Rent payments are made monthly, and are generally due on the first of the month. The rent amount will be agreed before you sign your tenancy agreement and shouldn’t increase during the term of that tenancy without written confirmation. If you haven’t paid your rent by the 7th of the month then your landlord is entitled to claim the figure owed in legal proceedings. If the amount overdue is less than €2,000, the landlord can go to court to claim it without needing a lawyer. This means that if you skip a rent payment, your landlord will be able to secure this from alternative channels in a relatively short period of time.
As well as paying for your monthly rent and the security deposit at the start of your tenancy, you should also expect to be responsible for paying for utilities and minor repairs due to wear and tear. The costs for these will depend on the size of the property, but for a 2 bedroom apartment expect to pay between 100-150 euros a month. You may also have to pay an annual fee for property or grounds maintenance and other services, such as garbage collection.
Starting and Ending Your Tenancy Agreement
Like any other company, a tenancy begins and ends according to the terms of a valid tenancy agreement. In Spain, this agreement can take the form of either a written or verbal contract. Signing a written contract in a language that you don’t understand is never a good idea, but a verbal contract is so much easier to break and dispute so we don’t recommend these either. Insist on having everything in writing and then translated into English or, if this isn’t possible, have an impartial Spanish speaker read the terms of the contract to you before you agree to sign anything.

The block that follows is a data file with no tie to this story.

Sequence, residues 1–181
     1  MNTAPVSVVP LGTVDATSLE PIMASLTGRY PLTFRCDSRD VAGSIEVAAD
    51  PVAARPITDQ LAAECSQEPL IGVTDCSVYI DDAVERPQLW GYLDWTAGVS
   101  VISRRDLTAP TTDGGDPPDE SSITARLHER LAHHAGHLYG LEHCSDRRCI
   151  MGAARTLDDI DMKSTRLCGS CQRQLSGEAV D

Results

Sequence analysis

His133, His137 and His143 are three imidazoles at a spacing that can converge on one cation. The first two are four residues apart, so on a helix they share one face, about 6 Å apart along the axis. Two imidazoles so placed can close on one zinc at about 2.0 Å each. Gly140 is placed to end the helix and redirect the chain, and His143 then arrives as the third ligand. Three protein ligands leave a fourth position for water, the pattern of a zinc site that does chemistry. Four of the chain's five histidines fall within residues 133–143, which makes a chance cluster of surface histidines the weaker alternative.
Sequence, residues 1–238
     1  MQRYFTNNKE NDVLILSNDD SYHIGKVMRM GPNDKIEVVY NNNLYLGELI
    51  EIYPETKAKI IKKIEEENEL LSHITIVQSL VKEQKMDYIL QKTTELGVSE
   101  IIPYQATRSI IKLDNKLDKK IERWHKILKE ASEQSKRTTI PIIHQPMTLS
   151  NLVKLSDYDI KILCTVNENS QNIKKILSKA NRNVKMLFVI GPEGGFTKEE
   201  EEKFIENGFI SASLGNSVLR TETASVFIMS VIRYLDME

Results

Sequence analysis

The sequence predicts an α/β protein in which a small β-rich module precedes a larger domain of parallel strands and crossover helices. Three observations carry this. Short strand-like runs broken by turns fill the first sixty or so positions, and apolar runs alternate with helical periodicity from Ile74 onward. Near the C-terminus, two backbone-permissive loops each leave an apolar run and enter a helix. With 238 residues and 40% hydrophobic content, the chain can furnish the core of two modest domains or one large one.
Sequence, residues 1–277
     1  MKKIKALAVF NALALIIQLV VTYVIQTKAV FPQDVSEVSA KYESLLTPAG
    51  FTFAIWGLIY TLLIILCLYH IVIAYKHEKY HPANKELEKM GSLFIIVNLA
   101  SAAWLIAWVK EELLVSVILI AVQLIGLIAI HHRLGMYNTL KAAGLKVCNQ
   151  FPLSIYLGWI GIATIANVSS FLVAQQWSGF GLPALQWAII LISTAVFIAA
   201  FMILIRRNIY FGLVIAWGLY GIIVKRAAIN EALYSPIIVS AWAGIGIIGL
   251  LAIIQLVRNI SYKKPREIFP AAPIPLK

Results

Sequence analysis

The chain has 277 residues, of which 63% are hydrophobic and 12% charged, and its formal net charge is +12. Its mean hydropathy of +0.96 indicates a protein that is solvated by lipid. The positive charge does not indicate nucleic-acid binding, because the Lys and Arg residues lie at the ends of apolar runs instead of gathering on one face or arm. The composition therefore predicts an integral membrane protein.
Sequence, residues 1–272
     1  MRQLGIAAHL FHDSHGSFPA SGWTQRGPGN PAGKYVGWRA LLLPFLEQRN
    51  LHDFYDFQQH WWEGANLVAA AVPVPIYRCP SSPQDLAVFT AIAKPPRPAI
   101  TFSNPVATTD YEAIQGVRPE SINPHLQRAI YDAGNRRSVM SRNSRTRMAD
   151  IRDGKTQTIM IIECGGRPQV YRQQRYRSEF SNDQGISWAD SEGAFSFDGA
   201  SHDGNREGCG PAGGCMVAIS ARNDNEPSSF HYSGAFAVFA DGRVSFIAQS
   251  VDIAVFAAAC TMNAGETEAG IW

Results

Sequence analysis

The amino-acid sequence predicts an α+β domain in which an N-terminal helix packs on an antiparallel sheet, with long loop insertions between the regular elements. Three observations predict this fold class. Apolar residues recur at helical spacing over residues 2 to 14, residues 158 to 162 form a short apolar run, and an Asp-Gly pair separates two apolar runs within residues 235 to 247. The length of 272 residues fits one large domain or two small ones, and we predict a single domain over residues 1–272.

Contracts are generally valid for 12 months and are automatically renewed if you don’t choose to end the agreement. If you decide to leave a property before your 12 month contract is up, you will still be valid to pay the rent until the end of your contract. You have the right to renew your tenancy every year for up to three years, unless the landlord wants/needs to occupy the property themselves. They can’t revoke your tenancy and then relist the property for other tenants. Rental law in Spain can be complicated, but as a general rule your rights to remain in the property are protected.
Ready to leave a tenancy? Ending your tenancy agreement will depend on the notice period that you have agreed with your landlord. The minimum notice period generally agreeed is 30 days, but this will be longer in some contracts. Your landlord should return your deposit to you within one month of your returning the keys, provided that you are returning the property in the same condition that you let it in.
Understanding Your Rights
Once you have secured your tenancy, you will have certain rights to remain within your property. Tenants' rights in Spain are incredibly robust. If tenants fall on financial difficulties, for example, it is difficult for a landlord to evict their tenants in Spain, as court proceedings are slow. So if a tenant stops paying rent, that rent must remain unpaid for an extended period before the landlord can arrange an eviction.
What’s more, landlords aren’t able to employ other methods to make life difficult for tenants that have stopped paying rent: Shutting off utilities or changing the locks, for example, would be considered a form of harassment and the landlords who do this could be charged or fined.
Are you ready to rent a property in Spain? Our rental specialists are ready and waiting to help you find the perfect home for you, enabling you to dip your toes into life overseas, and live the life you’ve always dreamed of.